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The idiosyncratic director's latest film is a tiring, pretentious love story that wastes a talented cast.

SXSW World Premiere: Terrence Malick’s ‘Song to Song’

Rooney Mara, Michael Fassbender and Ryan Gosling in Terrence Malick’s Song to Song (Van Redin/Broad Green Pictures).

After his brilliant first films, Badlands (1973) and Days of Heaven (1978), idiosyncratic writer/director Terrence Malick took a 20-year hiatus before returning to the screen with the rather good  The Thin Red Line (1998).

His subsequent work has been spotty, however. While 2011’s The Tree of Life was mostly well-received, his recent efforts, 2013’s To the Wonder and 2016’s Knight of Cups, were savaged by critics.

The director’s latest seems unlikely to turn the tide. Indeed, Song to Song is an endurance test that practically feels like a Malick parody.

While the film is described in press materials as “a love story set against Austin’s rock-and-roll scene,” there’s little music to be found and a peculiar idea of what passes as love. Michael Fassbender stars as Cook, a wealthy and powerful music producer who holds sway over Faye (Rooney Mara), his receptionist-turned-lover, and BV (Ryan Gosling), a singer-songwriter who owes Cook everything for having helped him start his career.

When Faye and BV meet at one of Cook’s parties, they fall for each other and begin an affair. Unbeknownst to BV, Faye decides to hedge her bets — and secure a record contract — by continuing to see Cook as well.

Each man seems to be on the brink of finding out about the other’s involvement with Faye, but it doesn’t stop the three of them from going on a beautiful Mexican vacation where they can pose artfully, do monkey impersonations, pose some more, stare meaningfully out onto the horizon and pose again. They also almost constantly murmur breathy clichés in voiceover, including: “The birds said we’d love each other forever,” and “I took sex, a gift, and played with it. I played with the flame of life.”

Song To Song is so packed to the brim with such platitudes that there isn’t room left for conventional dialogue. Instead, Malick photographs his performers in as many stylized locations as possible, and it’s almost embarrassing to have to watch these otherwise fine actors playing with each other like simple-minded children or stroking each other’s faces and abdomens to indicate the unfathomable depths of their love. There are so many of these scenes in the film that it becomes risible, and the sex, while not graphic, still manages to be cringe-inducing.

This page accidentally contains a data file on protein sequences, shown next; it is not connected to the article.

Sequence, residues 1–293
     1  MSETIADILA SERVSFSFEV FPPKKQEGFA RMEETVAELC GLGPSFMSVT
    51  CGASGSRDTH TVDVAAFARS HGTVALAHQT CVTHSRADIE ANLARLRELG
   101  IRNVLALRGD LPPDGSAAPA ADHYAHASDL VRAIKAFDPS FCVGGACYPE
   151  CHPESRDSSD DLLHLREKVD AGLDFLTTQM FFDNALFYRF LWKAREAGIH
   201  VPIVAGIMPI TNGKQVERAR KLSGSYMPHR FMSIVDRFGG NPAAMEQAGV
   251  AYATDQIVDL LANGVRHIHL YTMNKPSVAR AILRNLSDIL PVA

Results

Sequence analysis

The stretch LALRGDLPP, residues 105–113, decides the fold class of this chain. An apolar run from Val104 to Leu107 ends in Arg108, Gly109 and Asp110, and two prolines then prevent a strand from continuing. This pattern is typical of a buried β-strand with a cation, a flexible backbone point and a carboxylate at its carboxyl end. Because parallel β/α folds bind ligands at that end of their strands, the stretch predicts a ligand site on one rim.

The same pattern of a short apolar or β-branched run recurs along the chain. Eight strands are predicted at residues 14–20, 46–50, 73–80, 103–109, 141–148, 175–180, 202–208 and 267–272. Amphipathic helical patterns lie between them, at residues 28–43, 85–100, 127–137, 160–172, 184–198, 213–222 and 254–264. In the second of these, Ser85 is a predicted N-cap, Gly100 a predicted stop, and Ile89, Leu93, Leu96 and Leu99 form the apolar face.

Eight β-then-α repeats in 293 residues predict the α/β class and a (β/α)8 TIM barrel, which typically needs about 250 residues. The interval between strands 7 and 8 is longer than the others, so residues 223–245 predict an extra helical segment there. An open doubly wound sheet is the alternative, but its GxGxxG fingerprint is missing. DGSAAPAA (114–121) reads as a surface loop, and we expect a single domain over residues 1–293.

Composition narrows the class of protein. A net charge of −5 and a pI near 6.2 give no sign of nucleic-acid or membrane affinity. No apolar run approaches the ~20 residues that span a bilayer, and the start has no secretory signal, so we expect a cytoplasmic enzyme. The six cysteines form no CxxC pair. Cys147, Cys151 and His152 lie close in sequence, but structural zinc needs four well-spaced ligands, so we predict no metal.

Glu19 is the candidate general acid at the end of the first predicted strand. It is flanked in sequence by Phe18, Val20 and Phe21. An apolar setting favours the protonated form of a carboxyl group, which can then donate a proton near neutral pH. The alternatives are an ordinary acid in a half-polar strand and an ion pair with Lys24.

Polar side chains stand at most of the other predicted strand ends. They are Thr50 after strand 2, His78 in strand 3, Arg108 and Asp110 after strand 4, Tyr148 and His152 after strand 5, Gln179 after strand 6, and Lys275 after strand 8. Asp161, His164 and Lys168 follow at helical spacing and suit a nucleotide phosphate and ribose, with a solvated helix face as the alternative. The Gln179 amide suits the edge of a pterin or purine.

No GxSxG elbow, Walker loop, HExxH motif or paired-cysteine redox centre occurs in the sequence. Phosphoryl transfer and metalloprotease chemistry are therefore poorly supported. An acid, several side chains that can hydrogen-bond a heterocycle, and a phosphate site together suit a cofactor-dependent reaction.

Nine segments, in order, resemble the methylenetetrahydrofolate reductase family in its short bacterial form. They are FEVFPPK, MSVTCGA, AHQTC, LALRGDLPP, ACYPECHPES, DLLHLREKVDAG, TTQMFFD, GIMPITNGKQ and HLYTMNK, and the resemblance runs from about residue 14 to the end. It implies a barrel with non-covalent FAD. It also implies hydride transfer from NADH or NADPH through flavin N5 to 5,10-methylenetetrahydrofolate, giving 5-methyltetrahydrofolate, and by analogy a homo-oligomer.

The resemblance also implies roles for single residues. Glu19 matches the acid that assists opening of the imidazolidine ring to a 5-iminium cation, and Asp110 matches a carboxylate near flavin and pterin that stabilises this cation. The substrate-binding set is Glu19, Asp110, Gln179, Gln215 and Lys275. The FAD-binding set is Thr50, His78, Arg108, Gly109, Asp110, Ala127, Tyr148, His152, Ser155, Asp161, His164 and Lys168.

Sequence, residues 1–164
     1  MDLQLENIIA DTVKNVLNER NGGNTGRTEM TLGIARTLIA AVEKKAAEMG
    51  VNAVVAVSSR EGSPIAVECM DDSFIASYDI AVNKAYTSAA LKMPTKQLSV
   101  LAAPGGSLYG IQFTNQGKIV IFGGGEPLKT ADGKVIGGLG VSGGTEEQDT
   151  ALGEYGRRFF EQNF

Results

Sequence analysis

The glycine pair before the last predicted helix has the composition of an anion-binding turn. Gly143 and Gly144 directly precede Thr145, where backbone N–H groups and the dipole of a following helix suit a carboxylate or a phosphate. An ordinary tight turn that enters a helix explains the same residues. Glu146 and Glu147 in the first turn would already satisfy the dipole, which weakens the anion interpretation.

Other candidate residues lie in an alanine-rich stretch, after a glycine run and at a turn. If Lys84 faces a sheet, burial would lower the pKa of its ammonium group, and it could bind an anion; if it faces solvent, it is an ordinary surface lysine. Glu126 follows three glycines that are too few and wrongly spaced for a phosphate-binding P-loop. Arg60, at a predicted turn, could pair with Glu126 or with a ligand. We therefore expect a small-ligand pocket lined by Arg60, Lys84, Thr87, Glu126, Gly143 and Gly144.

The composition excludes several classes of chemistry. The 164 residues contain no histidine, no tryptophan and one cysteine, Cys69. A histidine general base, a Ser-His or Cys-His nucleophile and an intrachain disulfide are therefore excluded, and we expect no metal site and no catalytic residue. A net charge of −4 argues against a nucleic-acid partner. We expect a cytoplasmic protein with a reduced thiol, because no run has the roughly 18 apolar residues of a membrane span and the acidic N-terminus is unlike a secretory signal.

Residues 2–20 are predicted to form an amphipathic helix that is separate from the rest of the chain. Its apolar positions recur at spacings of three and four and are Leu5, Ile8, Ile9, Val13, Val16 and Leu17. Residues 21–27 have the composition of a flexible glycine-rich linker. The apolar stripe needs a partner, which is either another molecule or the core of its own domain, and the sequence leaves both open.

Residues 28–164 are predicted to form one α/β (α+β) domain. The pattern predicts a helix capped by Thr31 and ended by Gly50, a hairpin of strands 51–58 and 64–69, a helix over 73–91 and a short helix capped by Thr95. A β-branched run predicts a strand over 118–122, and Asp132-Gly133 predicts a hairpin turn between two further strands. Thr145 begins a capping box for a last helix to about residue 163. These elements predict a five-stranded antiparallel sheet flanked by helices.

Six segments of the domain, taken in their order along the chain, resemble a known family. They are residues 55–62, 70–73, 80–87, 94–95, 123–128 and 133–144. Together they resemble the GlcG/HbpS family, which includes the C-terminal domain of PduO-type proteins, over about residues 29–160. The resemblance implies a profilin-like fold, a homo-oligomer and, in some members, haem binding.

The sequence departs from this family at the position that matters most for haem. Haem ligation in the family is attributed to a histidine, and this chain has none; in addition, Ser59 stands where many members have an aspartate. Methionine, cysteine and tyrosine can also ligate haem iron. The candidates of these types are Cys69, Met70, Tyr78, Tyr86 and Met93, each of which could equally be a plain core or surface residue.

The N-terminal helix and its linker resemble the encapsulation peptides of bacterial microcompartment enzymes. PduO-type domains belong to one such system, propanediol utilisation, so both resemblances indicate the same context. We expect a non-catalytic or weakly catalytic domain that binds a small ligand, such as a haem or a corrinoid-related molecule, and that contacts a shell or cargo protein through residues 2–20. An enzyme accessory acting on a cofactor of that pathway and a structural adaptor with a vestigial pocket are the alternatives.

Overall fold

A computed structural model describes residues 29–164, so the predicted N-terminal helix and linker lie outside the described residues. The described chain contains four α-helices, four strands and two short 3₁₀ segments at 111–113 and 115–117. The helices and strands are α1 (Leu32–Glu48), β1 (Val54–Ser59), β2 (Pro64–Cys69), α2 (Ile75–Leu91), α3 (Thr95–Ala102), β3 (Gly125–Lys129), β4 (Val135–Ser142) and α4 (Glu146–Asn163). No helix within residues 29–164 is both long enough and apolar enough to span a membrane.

The principals are not the only ones doing the swooning, either. Academy Award-winners Natalie Portman and Cate Blanchett are brought in as second-string lovers for Fassbender and Gosling, and they also adapt the peculiar behavior of childlike play, silly voiceovers and extreme posing. Holly Hunter is equally wasted as Portman’s long-suffering mother, but at least she has some dialogue that she actually delivers to other characters.

Just to remind us that the film is purportedly about the music scene, Malick provides cameos by Patti Smith, Iggy Pop and Flea. Occasionally Gosling and Mara can be glimpsed performing onstage, but even then the voiceovers return to obscure whatever music there is.

Emmanuel Lubezki’s Steadicam work beautifully captures Austin’s downtown and Hill Country, but it’s to no good end, as a sense of place is never really established. Everyone seems to be living in the same architecturally exquisite house in the woods with floor-to-ceiling windows and a spectacular waterfall pool just outside. Or they live in a fashionable condo downtown with floor-to-ceiling windows and a spectacular view of the Colorado River just outside.

In the end, Song to Song comes off as a vacuous monument to the director’s elliptical style — one that can’t help but collapse under the weight of its own pretentiousness.

Song to Song was reviewed at SXSW on March 10, 2017 (world premiere) at the Paramount Theatre in Austin, TX.

About Kurt Gardner

Writer, critic and inbound marketing expert whose passion for odd culture knows no bounds.

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